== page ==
1. The Tiger’s Wife by Téa Obreht

Even though I’m off to a slow-ish start for this year’s CBR, I absolutely loved my first read. I received The Tiger’s Wife over a year ago as a Christmas present, and brought it with me when I moved, so I might be more motivated to read it. Not even all the way through the first chapter, I was already in love with the book. The story follows Natalia, a young doctor in the present day Balkans, as she goes to a tiny village to administer vaccines. Although I don’t know much about the wars in the former Yugoslavia, the novel is saturated with the imagery of war and its aftereffects.

Through Natalia’s life, Obreht weaves in the story of her grandfather’s life and their relationship, everything connecting, building to make one of the richest and most complex stories I feel I’ve read in a long time. From the beginning, I felt immersed in Natalia’s world, different as it was from my own. Natalia’s life feels surreal and otherworldly – rightfully so. With war interspersed, Natalia grew up going to the zoo every week with her grandfather to admire the tigers. As a young girl, she doesn’t realize the complexity of this weekly visit and the purpose it serves for her grandfather. As a teenager, she outgrows the ritual and grows apart from her grandfather. However when war comes, the family draws closer together, and Natalia learns more about the mystery of her Grandfather’s affinity for the tigers, and about his childhood in a small village.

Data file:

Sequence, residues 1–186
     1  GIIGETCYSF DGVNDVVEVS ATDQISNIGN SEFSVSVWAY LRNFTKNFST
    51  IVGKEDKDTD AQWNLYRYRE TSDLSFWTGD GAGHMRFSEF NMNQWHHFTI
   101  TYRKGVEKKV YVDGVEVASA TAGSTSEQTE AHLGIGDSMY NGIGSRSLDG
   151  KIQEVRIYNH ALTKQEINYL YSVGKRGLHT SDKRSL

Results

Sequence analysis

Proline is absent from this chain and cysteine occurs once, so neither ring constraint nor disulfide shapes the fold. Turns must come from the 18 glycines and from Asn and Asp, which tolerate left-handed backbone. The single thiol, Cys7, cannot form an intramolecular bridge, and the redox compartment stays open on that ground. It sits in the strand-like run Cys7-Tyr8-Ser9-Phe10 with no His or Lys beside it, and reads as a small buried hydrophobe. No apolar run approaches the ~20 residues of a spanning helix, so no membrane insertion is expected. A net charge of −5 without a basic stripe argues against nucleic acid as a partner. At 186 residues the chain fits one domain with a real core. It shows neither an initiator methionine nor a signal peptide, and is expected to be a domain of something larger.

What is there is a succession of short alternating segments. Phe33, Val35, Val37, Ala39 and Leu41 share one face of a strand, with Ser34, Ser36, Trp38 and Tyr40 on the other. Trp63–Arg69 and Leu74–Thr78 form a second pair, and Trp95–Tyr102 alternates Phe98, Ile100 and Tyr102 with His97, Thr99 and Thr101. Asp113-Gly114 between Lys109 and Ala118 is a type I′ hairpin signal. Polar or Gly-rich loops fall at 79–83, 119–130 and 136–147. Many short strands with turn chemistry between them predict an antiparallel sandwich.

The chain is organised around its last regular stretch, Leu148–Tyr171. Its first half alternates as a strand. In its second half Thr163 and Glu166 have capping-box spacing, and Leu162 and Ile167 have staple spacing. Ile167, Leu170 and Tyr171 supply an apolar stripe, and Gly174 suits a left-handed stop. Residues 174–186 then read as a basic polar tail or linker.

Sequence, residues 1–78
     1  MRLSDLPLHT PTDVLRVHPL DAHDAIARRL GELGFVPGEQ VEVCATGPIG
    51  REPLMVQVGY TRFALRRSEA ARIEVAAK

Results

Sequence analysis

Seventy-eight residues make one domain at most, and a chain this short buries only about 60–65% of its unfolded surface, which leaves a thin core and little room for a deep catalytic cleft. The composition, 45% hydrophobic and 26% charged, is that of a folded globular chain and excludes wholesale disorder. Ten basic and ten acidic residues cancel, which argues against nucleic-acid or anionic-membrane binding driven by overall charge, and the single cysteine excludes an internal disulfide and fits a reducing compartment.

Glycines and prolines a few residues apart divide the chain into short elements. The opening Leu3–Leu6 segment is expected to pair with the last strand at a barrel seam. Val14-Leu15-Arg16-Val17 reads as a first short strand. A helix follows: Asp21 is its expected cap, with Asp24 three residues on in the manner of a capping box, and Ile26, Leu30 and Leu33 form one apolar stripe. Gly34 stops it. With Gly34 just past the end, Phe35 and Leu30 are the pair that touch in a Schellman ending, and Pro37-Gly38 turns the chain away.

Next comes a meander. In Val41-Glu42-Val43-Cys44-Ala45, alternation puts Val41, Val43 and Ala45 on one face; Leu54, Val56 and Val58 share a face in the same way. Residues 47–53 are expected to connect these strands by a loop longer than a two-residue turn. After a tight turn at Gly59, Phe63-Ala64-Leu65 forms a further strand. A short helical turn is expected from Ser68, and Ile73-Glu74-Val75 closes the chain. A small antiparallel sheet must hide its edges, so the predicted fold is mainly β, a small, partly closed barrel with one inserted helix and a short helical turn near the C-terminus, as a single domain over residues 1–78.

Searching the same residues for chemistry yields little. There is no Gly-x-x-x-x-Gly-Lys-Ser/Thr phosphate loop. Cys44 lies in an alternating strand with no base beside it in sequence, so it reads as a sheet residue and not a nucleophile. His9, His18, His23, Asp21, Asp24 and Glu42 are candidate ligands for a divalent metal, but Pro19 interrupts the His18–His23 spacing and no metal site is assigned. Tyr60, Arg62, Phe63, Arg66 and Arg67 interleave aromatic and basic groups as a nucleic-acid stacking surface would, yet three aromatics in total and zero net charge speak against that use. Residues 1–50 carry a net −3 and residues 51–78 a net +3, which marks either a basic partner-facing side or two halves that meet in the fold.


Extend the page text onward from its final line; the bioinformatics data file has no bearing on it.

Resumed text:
The mystery and surreal aspects of her grandfather’s life begin to permeate Natalia’s life in the present, as she searches for more answers regarding the mysterious events surrounding his death. The book switches so deftly between past and present, and the story is so tightly knit that I felt so intertwined with the whole atmosphere. This is the first book by the author, but I will happily read anything else she puts out. I can’t really recommend this book enough, and I’m struggling for the right words to describe how much I loved this story. Nonetheless, pick it up – it’s worth the hardback price.

Pages: 338/338

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~ by lefaquin on January 20, 2013.

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